If you put $100 into your IRA monthly and the market is down, you’re taking advantage of the market and buying more shares at a lower price. Most investors are too scared to invest when the market is down. They don’t get to take advantage of the market like systematic investors do.

Systematic investors outperform the market over time because they remove their emotions from investing.

When you invest the same dollar amount monthly or periodically in fund shares, you’re using an investment method known as dollar cost averaging. As long as prices fluctuate fairly evenly, dollar cost averaging always results in slightly more shares being purchased, resulting in a lower average cost.

You get more for your money this way. You worked hard to invest that money, make sure you’re getting all you can from it.

Another reason I suggest systematic investing? Maxing out your IRA in one or two transactions is overwhelming. Especially if you are just starting out. By investing smaller monthly amounts, you are able to take advantage of dollar cost averaging and you aren’t left with a big hole in your pocket that month.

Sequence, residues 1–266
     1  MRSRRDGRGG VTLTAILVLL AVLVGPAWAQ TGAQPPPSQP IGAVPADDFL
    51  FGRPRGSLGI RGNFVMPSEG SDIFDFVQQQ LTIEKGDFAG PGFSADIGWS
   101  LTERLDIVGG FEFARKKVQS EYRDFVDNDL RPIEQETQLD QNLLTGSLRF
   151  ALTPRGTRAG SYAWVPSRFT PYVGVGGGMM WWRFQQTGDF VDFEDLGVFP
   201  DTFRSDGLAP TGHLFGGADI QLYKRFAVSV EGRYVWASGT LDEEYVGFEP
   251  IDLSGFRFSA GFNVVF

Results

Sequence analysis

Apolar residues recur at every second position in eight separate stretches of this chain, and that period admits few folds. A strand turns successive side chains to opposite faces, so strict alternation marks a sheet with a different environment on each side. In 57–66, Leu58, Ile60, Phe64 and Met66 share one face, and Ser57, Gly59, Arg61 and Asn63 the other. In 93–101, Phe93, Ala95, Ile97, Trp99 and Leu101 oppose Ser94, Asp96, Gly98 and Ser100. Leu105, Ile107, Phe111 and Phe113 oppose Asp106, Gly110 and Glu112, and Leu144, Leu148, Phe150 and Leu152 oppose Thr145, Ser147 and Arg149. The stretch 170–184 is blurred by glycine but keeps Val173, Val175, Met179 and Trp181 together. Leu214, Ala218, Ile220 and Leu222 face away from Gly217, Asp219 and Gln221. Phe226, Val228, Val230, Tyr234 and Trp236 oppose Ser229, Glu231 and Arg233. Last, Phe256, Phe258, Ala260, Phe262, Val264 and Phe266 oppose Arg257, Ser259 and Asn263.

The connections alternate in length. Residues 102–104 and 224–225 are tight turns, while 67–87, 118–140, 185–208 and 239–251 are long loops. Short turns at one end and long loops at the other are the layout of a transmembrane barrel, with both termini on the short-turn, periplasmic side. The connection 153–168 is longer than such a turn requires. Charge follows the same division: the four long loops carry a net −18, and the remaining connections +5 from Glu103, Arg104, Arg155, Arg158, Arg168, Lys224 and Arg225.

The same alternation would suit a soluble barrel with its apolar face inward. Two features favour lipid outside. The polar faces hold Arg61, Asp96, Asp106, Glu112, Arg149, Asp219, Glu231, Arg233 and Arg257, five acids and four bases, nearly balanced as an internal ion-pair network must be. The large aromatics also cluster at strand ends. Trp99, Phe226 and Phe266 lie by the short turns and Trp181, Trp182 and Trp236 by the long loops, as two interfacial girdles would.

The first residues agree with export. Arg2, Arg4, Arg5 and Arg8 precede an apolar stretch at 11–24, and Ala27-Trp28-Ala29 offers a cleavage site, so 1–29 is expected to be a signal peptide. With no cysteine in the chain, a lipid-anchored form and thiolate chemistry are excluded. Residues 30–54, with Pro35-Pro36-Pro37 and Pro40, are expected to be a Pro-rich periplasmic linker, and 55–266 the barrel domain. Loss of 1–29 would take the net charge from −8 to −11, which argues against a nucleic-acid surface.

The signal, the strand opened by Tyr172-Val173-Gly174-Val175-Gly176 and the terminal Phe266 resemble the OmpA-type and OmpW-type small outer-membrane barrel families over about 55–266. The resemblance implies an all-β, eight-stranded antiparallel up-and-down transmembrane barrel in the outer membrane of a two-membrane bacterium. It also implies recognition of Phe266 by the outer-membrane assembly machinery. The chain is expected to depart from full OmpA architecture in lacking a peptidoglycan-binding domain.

How do you eat an elephant? One bite at a time.

photo 2        photo 3

Speaking of bites…this week’s sweet is one of my favorites, hummingbird cake.

Disclaimer: no birds were harmed in the making of this cake.

Pineapple, pecans, bananas, and cinnamon go so well together. Instead of using crushed pineapples, I like to cut the pineapple into larger chunks. I think it’s nice getting a larger piece of fruit, it makes the whole cake eating thing seem a little healthier. Seem being the key word here.

I was pretty rushed on time, so I decided to try the rosette frosting technique again. I finally got it right- starting from the inside and working my way outside. I think it looks a lot better than the last one!

It’s safe to say that this cake will also be making an appearance at Easter dinner.

That’s all for this week, folks! If you have a question on which retirement plan is right for you, why dollar cost averaging is a great investment method, or anything else, shoot me an email at